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6.4: Formal Organizations
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Types of Formal Organizations
Table of Formal Organizations. This table shows Etzioni’s three types of formal organizations. (Table courtesy of Etzioni 1975)
||Normative or Voluntary
|Benefit of Membership
|Type of Membership
|Feeling of Connectedness
The McDonaldization of Society
- A book club
- A church youth group
- A People for the Ethical Treatment of Animals (PETA) protest group
- A study hall
- High school
- Political party
- A gym
- Because they feel an affinity with others there
- Because they receive a tangible benefit from joining
- Because they have no choice
- Because they feel pressured to do so
- Coercion to join
- Hierarchy of authority
- Explicit rules
- Division of labor
- Increased productivity
- Increased efficiency
- Equal treatment for all
- All of the above
- There is more variety of goods.
- There is less theft.
- There is more worldwide availability of goods.
- There is more opportunity for businesses.
- There is less variety of goods.
- There is an increased need for employees with postgraduate degrees.
- There is less competition so prices are higher.
- There are fewer jobs so unemployment increases.
- formal organizations characterized by a hierarchy of authority, a clear division of labor, explicit rules, and impersonality.
- clear division of labor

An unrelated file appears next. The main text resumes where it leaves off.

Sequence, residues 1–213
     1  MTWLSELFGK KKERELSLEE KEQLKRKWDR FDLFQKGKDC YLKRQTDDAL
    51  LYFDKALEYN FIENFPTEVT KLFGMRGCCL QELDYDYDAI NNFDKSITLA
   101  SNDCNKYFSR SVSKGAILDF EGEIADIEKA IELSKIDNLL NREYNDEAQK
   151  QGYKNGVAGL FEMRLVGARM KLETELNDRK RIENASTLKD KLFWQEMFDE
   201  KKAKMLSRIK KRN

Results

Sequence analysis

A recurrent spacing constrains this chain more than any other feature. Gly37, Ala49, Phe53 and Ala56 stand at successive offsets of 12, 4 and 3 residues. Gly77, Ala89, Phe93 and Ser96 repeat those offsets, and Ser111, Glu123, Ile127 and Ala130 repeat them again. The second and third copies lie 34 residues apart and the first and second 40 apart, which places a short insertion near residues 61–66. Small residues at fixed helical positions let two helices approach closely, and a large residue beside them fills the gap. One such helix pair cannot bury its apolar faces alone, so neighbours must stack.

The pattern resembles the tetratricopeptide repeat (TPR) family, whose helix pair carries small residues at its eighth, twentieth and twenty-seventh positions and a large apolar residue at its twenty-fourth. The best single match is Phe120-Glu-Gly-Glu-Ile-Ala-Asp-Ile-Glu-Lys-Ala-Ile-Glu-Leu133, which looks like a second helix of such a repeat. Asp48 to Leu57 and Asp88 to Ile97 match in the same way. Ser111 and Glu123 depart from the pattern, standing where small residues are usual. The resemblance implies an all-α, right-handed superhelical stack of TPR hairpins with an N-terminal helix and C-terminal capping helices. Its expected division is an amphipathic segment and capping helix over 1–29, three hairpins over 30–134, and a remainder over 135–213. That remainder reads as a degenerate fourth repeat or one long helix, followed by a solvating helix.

- the fact that each individual in a bureaucracy has a specialized task to perform
- coercive organizations
- organizations that people do not voluntarily join, such as prison or a mental hospital
- explicit rules
- the types of rules in a bureaucracy; rules that are outlined, recorded, and standardized
- formal organizations
- large, impersonal organizations
- hierarchy of authority
- a clear chain of command found in a bureaucracy
- the removal of personal feelings from a professional situation
- Iron Rule of Oligarchy
- the theory that an organization is ruled by a few elites rather than through collaboration
- McDonaldization of Society
- the increasing presence of the fast food business model in common social institutions
- a bureaucracy where membership and advancement is based on merit—proven and documented skills
- normative or voluntary organizations
- organizations that people join to pursue shared interests or because they provide some intangible rewards
- total institution
- an organization in which participants live a controlled lifestyle and in which total resocialization occurs
- utilitarian organizations
- organizations that are joined to fill a specific material need